Figure 1.
 
Distribution of osteopontin in primary and metastatic uveal melanoma. (A) Osteopontin is distributed along looping vasculogenic mimicry patterns at the periphery of a primary uveal melanoma. Note the cytoplasmic staining of tumor cells and the absence of nuclear staining. (B) Section adjacent to that illustrated in (A), stained for CD68, a macrophage marker. Although macrophages are identified within vasculogenic mimicry patterns, the distribution of CD68+ cells does not correspond to the diffuse staining of patterns that are present when the tissue is labeled for osteopontin (A). (C) Uveal melanoma metastasis to the liver. (D) Section adjacent to (C) stained for osteopontin. Note the diffuse distribution of osteopontin in contrast with a primary uveal melanoma (A) and the presence of both nuclear and cytoplasmic staining. (A) Osteopontin is counterstained light green; (B) CD68 counterstained with hematoxylin; (C) hematoxylin-eosin; (D) osteopontin counterstained light green. Magnification bars: (A, B) 50 μm; (C, D) 10 μm.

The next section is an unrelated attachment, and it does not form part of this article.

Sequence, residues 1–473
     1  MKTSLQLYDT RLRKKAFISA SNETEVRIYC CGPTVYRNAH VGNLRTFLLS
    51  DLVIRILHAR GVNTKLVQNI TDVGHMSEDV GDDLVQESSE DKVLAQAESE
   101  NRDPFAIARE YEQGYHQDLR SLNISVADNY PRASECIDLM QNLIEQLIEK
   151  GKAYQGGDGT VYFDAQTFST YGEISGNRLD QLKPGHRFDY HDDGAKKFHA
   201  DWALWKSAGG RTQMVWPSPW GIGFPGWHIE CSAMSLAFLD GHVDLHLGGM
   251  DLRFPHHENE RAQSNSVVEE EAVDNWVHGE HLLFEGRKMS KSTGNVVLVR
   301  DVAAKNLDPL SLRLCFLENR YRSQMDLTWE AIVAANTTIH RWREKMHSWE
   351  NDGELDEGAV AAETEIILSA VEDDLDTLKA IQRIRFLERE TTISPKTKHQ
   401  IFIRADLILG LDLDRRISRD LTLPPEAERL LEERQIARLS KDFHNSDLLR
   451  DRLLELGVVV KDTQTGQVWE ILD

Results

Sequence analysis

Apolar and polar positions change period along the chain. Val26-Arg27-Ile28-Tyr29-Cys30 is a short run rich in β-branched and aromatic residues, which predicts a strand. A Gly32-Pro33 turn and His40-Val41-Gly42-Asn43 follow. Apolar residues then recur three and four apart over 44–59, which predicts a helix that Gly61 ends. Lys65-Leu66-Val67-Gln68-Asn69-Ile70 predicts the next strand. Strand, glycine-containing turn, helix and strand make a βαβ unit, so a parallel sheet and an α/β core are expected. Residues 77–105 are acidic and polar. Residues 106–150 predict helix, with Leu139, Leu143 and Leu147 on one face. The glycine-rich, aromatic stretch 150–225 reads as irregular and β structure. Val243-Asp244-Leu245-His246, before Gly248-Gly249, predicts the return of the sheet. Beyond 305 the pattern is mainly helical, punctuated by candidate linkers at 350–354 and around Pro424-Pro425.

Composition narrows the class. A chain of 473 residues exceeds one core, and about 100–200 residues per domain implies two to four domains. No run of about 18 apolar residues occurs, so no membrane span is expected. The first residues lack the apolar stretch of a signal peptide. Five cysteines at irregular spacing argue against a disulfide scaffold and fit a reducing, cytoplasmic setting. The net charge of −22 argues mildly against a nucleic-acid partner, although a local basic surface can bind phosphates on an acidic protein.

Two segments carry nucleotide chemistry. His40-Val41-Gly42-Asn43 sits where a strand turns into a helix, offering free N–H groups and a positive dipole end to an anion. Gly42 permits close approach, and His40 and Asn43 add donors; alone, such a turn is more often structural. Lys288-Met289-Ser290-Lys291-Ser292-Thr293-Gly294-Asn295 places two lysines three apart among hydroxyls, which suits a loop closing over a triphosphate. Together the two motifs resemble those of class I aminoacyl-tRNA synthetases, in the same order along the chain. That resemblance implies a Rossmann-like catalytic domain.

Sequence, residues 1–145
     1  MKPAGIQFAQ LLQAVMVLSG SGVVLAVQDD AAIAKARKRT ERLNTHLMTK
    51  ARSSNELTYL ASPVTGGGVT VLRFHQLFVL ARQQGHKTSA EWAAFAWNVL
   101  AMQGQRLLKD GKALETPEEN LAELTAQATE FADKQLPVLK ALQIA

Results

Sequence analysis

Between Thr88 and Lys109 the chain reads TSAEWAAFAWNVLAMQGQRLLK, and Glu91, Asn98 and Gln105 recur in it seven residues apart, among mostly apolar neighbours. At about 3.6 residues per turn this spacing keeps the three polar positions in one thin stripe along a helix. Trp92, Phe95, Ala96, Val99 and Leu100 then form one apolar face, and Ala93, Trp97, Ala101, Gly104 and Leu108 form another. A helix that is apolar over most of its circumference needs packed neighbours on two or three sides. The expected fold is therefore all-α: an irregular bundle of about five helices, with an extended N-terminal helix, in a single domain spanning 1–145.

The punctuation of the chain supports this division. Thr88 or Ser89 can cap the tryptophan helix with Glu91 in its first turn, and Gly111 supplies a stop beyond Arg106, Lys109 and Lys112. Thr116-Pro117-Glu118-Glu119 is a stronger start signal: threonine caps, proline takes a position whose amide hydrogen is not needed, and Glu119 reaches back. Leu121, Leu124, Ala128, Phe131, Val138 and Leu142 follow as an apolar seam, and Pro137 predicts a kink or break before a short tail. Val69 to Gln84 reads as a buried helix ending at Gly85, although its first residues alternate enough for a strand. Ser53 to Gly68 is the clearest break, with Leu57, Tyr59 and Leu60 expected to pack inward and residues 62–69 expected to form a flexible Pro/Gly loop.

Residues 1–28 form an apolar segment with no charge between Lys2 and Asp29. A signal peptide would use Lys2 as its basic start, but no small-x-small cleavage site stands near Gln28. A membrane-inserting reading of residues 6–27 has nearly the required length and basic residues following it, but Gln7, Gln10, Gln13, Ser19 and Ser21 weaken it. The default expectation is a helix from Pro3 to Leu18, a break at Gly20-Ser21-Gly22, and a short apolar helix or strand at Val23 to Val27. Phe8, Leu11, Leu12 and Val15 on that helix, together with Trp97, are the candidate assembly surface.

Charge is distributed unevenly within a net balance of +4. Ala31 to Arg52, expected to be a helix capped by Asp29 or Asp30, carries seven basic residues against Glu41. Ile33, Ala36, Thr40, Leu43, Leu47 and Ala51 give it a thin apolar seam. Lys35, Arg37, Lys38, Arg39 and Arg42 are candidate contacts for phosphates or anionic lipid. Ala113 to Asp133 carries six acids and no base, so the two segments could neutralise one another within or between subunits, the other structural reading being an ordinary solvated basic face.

Table 1.
 
Comparison of Serum Osteopontin Levels by Group
Table 1.
 
Comparison of Serum Osteopontin Levels by Group
Control Metastatic Melanoma Long-Term Survivors
n Mean SD SE n Mean SD SE n Mean SD SE
Age (y)
 <50 6 5.42 4.47 1.82 4 9.93 2.86 1.43 9 6.09 2.01 0.67
 50–59 10 4.82 3.41 1.08 6 15.97 7.68 3.13 11 6.43 2.33 0.70
 60–69 8 11.50 10.26 3.62 2 19.00 5.66 4.00 5 6.42 2.40 1.07
 ≥70 6 4.77 4.65 1.90 3 30.33 28.30 16.34 12 7.55 2.97 0.86
Sex
 Male 15 8.74 8.23 2.13 7 14.71 3.95 1.49 14 6.90 3.19 0.85
 Female 15 4.68 3.95 1.02 8 20.19 18.86 6.67 23 6.59 1.99 0.41
Overall 30 6.71 6.70 1.22 15 17.63 13.88 3.58 37 6.70 2.47 0.41